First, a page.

Teddy finds her way back to the road and has to wait a minute or two for another car to drive by. She flags down a car and asks for help, which is the last we see of her for the episode. A short time later, Owen knows that the car is going to fall down the cliff, so he convinces Hayes that they need to try to escape. He’s not sure if he will make it and reveals that he gave Noah medication to end his own life. Owen tells Hayes he made the same pact with three other soldiers and asks him to carry on for him if he doesn’t survive. The medication is already in his truck, and Noah’s widow will know who to get it to. Hayes most certainly does not agree and really doesn’t want any part of Owen’s death pact. He jumps out of the window right as the car, with Owen still inside, slides down the cliff. The episode ends here, so Owen’s fate will be left hanging for the next two months. Fingers crossed we don’t lose the whole Hunt family in the midseason premiere.


In semi-less-dramatic news, the Parkinson’s project has made its way to Seattle for a few days after it started attracting too many eyeballs in Minnesota. Hamilton and Kai have joined Meredith and Amelia at Grey Sloan Memorial for the day they have all been waiting for. The FDA has approved their experimental Parkinson’s treatment and gave them a 72-hour window to do the surgery on Hamilton. Richard is none too pleased to see Hamilton at Grey Sloan Memorial, as there is some old resentment between them, but even he isn’t allowed to know what the occasion is. 

In continuation from the last episode, Link has decided to go to Minnesota to declare his love to Amelia and tell her that they can be together without getting married. He announces his plan to Jo, who isn’t happy to hear that her crush is going to make a big romantic gesture to someone else. Jo volunteers to watch Scout, so Link makes his way to the airport. Little does he know that Amelia is actually in Seattle, which Jo finds out the hard way when she gets into the same elevator as Amelia at the hospital. Jo quickly calls Link and tells him not to get on the plane, so he turns around. She also talks out loud to herself about her new-found feelings for Link that she needs to shove back down to whatever hole of desperation they crawled out of.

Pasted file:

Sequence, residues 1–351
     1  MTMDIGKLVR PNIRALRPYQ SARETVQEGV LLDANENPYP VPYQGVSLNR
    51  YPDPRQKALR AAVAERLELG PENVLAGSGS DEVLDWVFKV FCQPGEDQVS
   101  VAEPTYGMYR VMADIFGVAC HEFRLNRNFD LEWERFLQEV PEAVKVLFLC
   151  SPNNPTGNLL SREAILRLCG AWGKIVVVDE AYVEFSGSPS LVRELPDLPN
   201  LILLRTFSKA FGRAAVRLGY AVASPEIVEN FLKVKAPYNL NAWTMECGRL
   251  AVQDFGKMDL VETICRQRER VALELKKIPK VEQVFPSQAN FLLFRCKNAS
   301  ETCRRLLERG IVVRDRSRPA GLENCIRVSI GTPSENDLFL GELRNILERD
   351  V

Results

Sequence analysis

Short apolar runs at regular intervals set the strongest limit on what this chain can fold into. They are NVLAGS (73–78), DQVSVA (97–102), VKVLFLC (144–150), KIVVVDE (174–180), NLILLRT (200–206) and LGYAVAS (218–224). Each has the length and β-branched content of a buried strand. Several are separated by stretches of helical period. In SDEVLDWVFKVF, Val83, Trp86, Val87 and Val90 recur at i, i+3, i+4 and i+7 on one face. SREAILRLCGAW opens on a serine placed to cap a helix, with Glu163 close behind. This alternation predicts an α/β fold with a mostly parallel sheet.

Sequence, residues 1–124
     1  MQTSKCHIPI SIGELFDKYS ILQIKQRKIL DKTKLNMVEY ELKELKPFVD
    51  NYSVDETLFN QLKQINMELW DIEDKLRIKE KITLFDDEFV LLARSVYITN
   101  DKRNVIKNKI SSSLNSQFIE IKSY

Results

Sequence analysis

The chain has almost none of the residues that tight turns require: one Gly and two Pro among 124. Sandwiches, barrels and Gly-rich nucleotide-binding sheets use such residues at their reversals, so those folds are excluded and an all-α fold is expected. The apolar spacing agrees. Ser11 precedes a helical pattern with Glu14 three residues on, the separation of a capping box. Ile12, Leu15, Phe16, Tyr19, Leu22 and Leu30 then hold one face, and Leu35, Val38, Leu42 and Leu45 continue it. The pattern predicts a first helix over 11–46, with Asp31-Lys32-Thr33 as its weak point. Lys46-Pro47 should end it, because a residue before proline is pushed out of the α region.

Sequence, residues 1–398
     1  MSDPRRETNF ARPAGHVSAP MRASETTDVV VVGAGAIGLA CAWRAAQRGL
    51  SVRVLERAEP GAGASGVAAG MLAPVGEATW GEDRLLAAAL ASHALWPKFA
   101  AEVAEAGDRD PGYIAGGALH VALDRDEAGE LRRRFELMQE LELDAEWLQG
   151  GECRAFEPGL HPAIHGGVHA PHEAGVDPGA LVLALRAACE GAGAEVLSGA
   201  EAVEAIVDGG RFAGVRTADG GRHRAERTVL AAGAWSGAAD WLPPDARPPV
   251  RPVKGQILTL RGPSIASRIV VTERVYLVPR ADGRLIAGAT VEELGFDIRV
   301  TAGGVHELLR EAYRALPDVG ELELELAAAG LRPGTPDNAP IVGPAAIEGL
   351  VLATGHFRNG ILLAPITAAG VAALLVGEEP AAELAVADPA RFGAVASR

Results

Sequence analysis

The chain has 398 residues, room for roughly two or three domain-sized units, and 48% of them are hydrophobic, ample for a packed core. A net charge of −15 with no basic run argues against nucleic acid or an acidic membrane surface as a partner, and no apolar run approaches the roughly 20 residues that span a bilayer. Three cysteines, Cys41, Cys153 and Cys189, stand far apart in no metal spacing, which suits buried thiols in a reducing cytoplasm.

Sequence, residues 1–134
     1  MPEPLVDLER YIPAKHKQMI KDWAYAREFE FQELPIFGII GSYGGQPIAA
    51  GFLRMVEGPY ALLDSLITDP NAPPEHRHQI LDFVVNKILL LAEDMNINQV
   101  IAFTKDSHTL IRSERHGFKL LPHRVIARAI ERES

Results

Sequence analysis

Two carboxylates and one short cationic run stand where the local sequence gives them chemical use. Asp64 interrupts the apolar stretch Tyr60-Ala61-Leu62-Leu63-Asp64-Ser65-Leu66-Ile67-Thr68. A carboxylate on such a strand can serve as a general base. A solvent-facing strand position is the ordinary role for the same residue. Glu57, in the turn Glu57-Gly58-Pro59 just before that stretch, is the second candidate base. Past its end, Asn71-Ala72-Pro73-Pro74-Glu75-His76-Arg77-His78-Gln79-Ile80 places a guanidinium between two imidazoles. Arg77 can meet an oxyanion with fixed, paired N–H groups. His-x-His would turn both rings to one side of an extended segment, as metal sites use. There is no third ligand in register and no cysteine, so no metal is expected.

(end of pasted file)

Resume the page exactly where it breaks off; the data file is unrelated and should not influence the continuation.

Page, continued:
Mer has a nice conversation with Hayes in a lounge prior to the latter leaving on that previously mentioned fateful trip. The two are genuinely happy to see each other, and the ease of their conversation is not lost on me. Who else wants to see Mer, Nick, and Hayes all in Seattle at the same time just to see what happens? 

Hayes is having trouble getting into the holiday spirit because his wife loved Christmas. Mer understands his grief perfectly and reveals that hers is getting more tolerable since her brush with death by COVID. She tells Hayes about her beach dreams with Derek and how they felt so real that she really thought she was with him. She still feels that he is with her every day, which has helped her a lot lately. Mer also says that she heard Hayes talking to her about her kids while she was on the beach and thanks him for helping her. Hayes is really glad to hear Mer’s story and feels that it’s exactly what he needed to hear. He’s honored she shared it with him and thanks her for the help too. A little while later, Mer is incredibly nervous about the surgery and is consoled outside by Amelia. The anxiety gets to Mer, who vomits on the pavement then declares that she feels much better.

Mer goes to do her pre-surgery exam on Hamilton, only to find him in pain. Amelia and Kai are in the room too, and they are not happy that Hamilton is trying to hide a possibly surgery postponing issue. Kai found that Hamilton has a low-grade fever, and Mer finds that he has a rigid abdomen that requires imaging immediately. The scans review that Hamilton has a perforated bowel and will need surgery to fix it. He gets angry at Mer when she tells him they will have to postpone the Parkinson’s surgery and will need to get a new window from the FDA. Hamilton urges her to be the rebel Meredith Grey who breaks the rules because he still wants the Parkinson’s treatment. Mer is unwilling to break the FDA’s rules this time because the treatment is greater than just one patient. Hamilton accuses Mer of not being committed to curing Parkinson’s, but rather using the project as a stepping stone to curing other cognitive diseases like Alzheimer’s. 

Upstairs, Link has made it back to the hospital and pulls Jo out of a consult to run his speech by her. Link gives an impassioned speech that he plans to say to Amelia, and it’s almost too much for Jo to listen too. He feels confident enough to talk to Amelia, so he goes to find her. Amelia is outside trying to console Kai, who is very upset that Hamilton’s brain surgery has been pushed. Amelia tries a type of meditation technique to help Kai, who is grateful for the help. The two then kiss for the first time, which is exactly when Link walks outside. Link is shocked and devastated to see Amelia kissing Kai. He goes back inside without letting his presence be known.